By Lim Kooi Fong* 
OCTOBER 27, 2016

One of the most enduring images of the late Thai King Bhumibol Adulyadej is that he is almost always seen with a camera around his neck or in his hand during his time visiting regions within Thailand, checking on projects, which he personally supported and followed up.For over 70 years of his reign,

Thailand’s much loved monarch kept a promise – the promise that he would reign with righteousness for the benefit and happiness of the Siamese people.

In 1997 when Thailand suffered its worst economic crisis in living memory, he came up with his now trademark ‘Sufficiency Economics’ theory, based on Buddhist principles to help alleviate the suffering of his people – especially the mental condition. The theory was based on the experience of over 40 years in helping his people to adopt a sustainable development model.

As of 1998, there were 2,159 royal development projects initiated by the King and implemented throughout the country. Most of the projects are aimed at improving the living conditions of his subjects, particularly those in the remote rural areas.

Sometimes he would use his own funds in the early stages to help a project get off the ground. In 1988, he established the Chaipattana Foundation to fund and help in accelerating rural development projects that are beneficial to the people and the country as a whole.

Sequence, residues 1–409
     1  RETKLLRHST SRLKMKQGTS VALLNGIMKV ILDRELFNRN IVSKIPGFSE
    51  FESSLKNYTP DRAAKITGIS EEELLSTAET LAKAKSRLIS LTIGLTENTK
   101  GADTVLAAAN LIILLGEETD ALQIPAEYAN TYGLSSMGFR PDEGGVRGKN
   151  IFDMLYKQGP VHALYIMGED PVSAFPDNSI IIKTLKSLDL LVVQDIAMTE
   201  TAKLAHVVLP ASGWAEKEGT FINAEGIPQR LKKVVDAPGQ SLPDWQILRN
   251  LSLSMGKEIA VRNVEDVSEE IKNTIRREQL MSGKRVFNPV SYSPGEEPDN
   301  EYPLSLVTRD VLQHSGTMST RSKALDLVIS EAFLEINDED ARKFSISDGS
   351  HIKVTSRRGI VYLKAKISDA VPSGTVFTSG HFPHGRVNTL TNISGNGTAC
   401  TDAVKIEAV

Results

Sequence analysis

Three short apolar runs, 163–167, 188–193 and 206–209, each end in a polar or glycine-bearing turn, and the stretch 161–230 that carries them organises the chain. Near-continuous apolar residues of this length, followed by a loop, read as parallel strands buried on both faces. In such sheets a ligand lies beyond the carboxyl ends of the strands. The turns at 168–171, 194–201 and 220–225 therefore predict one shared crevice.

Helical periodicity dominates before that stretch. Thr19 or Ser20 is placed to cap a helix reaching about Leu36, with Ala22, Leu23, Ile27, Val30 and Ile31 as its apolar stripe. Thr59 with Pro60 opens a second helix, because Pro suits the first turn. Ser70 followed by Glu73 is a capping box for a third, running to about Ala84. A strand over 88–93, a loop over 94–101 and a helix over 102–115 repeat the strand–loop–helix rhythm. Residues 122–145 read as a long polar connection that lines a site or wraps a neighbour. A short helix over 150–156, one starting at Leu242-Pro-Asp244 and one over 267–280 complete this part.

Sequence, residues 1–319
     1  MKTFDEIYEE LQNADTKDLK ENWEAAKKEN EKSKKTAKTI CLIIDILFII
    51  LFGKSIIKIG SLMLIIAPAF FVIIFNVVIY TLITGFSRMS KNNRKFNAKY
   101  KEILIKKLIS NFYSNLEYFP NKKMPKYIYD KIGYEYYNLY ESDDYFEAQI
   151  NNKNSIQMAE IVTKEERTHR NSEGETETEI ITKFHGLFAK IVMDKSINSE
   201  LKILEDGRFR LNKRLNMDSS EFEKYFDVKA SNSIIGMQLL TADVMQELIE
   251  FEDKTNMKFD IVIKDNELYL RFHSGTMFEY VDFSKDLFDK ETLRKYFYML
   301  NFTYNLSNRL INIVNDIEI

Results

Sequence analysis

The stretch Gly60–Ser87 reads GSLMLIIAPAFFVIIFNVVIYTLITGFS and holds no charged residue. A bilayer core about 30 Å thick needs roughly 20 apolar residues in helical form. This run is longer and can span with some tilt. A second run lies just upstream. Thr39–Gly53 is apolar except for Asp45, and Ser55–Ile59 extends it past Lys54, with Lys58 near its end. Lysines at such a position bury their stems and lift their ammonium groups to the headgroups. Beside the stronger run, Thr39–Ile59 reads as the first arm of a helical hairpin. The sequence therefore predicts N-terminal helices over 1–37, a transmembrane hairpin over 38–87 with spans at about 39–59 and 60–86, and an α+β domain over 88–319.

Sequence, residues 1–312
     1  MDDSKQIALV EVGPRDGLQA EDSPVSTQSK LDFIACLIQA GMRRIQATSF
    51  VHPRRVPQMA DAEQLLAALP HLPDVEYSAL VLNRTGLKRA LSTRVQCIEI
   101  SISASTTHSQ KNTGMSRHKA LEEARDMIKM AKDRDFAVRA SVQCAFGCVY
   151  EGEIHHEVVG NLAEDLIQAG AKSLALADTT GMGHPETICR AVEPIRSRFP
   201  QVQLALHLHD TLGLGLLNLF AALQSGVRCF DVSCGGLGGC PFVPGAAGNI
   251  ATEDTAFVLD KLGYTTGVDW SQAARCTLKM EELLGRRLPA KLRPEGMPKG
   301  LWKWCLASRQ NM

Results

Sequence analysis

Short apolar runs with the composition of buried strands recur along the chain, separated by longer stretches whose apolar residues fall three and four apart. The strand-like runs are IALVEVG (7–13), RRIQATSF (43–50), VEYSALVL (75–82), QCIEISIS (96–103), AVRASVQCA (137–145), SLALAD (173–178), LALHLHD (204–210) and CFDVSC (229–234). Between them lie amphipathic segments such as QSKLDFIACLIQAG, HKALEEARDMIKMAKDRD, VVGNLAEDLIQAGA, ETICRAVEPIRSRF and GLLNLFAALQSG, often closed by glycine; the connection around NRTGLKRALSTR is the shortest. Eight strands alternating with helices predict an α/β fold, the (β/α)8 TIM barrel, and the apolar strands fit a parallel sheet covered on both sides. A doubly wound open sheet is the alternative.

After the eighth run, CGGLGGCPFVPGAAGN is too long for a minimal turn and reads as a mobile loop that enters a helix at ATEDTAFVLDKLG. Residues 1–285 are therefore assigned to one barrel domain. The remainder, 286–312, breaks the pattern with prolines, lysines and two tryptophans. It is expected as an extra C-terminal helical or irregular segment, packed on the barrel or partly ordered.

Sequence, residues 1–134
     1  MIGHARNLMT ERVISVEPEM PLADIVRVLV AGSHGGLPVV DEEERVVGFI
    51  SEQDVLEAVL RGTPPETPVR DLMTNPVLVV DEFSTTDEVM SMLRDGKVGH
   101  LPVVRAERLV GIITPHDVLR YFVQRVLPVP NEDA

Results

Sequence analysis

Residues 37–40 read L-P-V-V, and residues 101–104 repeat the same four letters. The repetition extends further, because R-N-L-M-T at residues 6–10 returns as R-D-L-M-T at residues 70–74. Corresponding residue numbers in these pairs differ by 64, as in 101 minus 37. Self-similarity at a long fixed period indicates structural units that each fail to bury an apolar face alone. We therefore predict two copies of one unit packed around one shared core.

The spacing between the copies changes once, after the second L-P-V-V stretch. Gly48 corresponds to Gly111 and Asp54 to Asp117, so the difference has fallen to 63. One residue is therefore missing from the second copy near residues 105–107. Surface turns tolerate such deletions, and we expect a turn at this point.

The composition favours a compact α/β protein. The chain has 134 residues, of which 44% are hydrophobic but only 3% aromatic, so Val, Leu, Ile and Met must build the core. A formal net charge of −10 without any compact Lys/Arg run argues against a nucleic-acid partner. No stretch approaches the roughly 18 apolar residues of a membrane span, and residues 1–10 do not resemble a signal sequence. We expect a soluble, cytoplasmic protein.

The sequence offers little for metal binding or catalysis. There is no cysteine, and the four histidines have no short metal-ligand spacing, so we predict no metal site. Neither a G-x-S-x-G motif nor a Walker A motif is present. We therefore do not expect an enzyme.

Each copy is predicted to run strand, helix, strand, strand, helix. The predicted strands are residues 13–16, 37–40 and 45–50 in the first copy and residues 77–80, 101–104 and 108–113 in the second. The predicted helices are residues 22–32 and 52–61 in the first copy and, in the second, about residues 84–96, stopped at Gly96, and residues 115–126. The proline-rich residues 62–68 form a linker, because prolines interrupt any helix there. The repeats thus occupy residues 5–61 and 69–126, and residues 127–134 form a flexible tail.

The off-shoot of his passion for the deprived sections of the Thai people is his ‘New Theory’ in land management and the development of water sources for agricultural purposes. The ‘New Theory’ was a simple formula: 30-30-30-10.

The Made-in-America Global Security and Economic System Still Serves U.S. Interests

October 26, 2016

When the new president takes office next January, a world of troubles awaits. Violent extremism, irresponsible adventurism by China, an aggressive and authoritarian Russia, economic uncertainty and racial unrest at home, to name a few issues, will give no peace to the White House's new occupant, Democrat or Republican.

The new president will also inherit a global system of security and economic institutions.

There is no doubt this system has been good for the world, producing 70 years without a great power war—the longest such stretch in modern history—a standard of living in the West that is the highest ever achieved, and billions lifted out of poverty around the globe.

But less remarked upon is the fact that it has also been good for America.

This system has been good for the world, producing 70 years without a great power war.

Carefully built and tended following the destruction and horror of World War II, the system has kept America out of devastating foreign wars in Europe and Asia. It has enabled Americans to attain lifestyles that the last generation that fought a global war could never have imagined as they suffered horrific casualties at Iwo Jima or wondered if they would survive the Battle of the Bulge.

Even less remarked upon is that the global system was designed by and made in America. The United States built it and has sought to sustain and expand it, joined in partnership with a voluntary association of a large and diverse array of the richest, freest, most advanced countries in history, all of which find it in their interest to work with the United States. Because of it, the United States enjoys a remarkable position of power and possibilities.